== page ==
KITCHEN Photo: Pelle Bergström/Skarp Agent

pure glacier

Secondly, a company’s green message has to be relevant to a range of different audiences, including employees, suppliers, and civil society. Perhaps most importantly, though, it must be relevant to customers – and that requires finding what Ms. McLaren called the “consumer sweet spot”, the point where the benefit to the planet intersects with the benefit to the customer. She cited PG Tips’ successful use of Rainforest Alliance certification to engage with customers: the certification promised better lives for farmers, while the imagery PG Tips used in the campaign portrayed thriving farming communities creating sustainable livelihoods through their relationship with PG Tips. The campaign not only helped customers understand the sustainability benefits of PG Tips’ tea, but also suggested that a living wage for farmers meant better care and attention to the crops, and therefore a higher-quality tea. Mr. Grant agreed that the most successful green brands link the sustainability benefits of their products to more traditional messages about the products’ quality and value. The third point may be the most crucial: green marketing requires real transparency, which means it isn’t for the faint of heart. “Sustainability is judged from your very worst credential,” Mr. Grant said, in contrast to branding, which focuses on the business’s best attributes. Companies making green claims are voluntarily putting their business practices under a microscope, and need to be upfront about their sustainability policies to be able to withstand public scrutiny. Ms. Oliveira cautioned that before companies make statements about their corporate social responsibility, they must be ready to be authentic and accurate, and to provide proof points as evidence of their accomplishments. In the age of social media, the public will quickly discover any inaccuracy in a company’s claims, she said, and bad execution can ruin the most well-intentioned sustainability policies. However, Ms. Oliveira went on to reassure the audience that good green claims are about being honest, not about being perfect. A company can, and even should, hold up a vision of the sustainable business it is working to become, provided that the company makes it clear that this is a vision. Ms. McLaren added that companies need to express their intermediate goals as well, and communicate what they have already done on environmental issues, in order to add substance to their long-term commitments and to motivate their customers to see themselves as part of that future vision.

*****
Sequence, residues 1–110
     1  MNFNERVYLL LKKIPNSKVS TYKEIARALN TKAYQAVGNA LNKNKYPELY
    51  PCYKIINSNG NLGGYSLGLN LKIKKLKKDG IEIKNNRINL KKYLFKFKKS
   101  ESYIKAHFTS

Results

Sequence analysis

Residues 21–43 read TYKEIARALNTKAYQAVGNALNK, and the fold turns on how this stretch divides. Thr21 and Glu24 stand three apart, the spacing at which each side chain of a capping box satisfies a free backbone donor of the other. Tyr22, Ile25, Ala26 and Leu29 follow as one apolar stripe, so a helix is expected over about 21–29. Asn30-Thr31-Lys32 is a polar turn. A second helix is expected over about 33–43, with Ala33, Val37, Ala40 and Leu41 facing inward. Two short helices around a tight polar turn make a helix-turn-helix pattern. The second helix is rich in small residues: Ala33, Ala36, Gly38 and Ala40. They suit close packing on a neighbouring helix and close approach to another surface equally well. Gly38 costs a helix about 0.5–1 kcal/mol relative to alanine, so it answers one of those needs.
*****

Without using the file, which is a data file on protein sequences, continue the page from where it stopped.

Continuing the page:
Certification – the key to credibility